Downtown Los Angeles is not a place where a scrawny nineteen-year-old girl like me should be walking the streets at night. But that’s exactly why I do it. People see me walking down the street and they smile, thinking I’m an easy mark. They can rob me or rape me, maybe even murder me, and they’ll get away with it. I won’t put up a fight. But they don’t know me. I’m far from easy.
The monsters we can’t see are the scariest ones of all.
You probably think it’s impossible for someone to be afraid of little ol’ me when I’m walking these streets, but you’d be surprised. Our face is what we show to the world. It’s how we’re recognized. It’s how we’re remembered. Our face is our identity. When you hide your face, you’re hiding your identity, and this makes people very nervous. In our feeble little minds, the only people who hide their faces in public are criminals and clowns.
Everyone’s afraid of clowns. Criminals, on the other hand, are either feared or revered.
Hiding my face is how I make it through the streets of L.A. without getting raped and murdered. Those who don’t fear me are fascinated by me.
Well, that and the fact that there’s always someone watching over me. He watches from a distance because he knows better than to get too close.
I haven’t spoken to my father since I moved out eight months ago. I’ve walked these streets every day since then and I’ve only seen him on a dozen or so occasions. But I know my father. He was black ops for the army until my mother made him quit when he was just twenty-eight. Now he has his own private investigation firm. I’ve only seen him following me in his silver Audi S4 a dozen times because that’s how many times he wanted me to see him.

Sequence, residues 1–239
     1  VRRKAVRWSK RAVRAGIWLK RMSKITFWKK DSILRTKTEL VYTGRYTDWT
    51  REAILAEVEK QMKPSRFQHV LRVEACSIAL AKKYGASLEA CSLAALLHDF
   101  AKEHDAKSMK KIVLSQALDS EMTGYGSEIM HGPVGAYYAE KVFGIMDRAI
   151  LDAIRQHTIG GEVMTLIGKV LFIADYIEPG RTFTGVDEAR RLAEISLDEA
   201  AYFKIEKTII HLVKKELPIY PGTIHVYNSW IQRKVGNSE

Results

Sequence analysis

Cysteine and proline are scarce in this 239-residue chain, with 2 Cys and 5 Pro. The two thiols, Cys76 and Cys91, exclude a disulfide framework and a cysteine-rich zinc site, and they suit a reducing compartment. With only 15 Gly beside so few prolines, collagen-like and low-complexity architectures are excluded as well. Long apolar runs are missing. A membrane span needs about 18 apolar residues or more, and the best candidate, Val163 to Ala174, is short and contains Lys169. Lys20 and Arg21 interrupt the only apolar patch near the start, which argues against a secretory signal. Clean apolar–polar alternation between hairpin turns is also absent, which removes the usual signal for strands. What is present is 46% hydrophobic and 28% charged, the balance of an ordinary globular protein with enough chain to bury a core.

But even without my father watching over me, I can take care of myself. And no one knows that better than my father. He trained me.
I glance across the street at the guy in the hood and a gold Mercedes SUV drives by for the second time since I left the house six minutes ago. Now I’m even more nervous. I can deal with just about any deadly situation thrown at me. But I can’t outrun a car.
I glance around the familiar neighborhood, looking for an escape route in case the car is working with the guy across the road. The gas station is just a block away on the other side of the street. The guy in the hoodie will get there before me. So I can’t bolt for it and barricade myself inside.
A strange chill passes over my skin as my instincts kick in. I should probably turn around, but I hate admitting defeat. I stop in the middle of the sidewalk, half a block from the gas station.
Then the gold Mercedes is back, but it’s not coming for me. It cuts across the double-stripe painted in the middle of the street, driving against oncoming traffic, and pulls up next to the guy in the hoodie. A white Honda driving on the other side of the road blares its horn at the Mercedes. The shrill sound of the horn fades away as the guy in the hoodie approaches the Mercedes.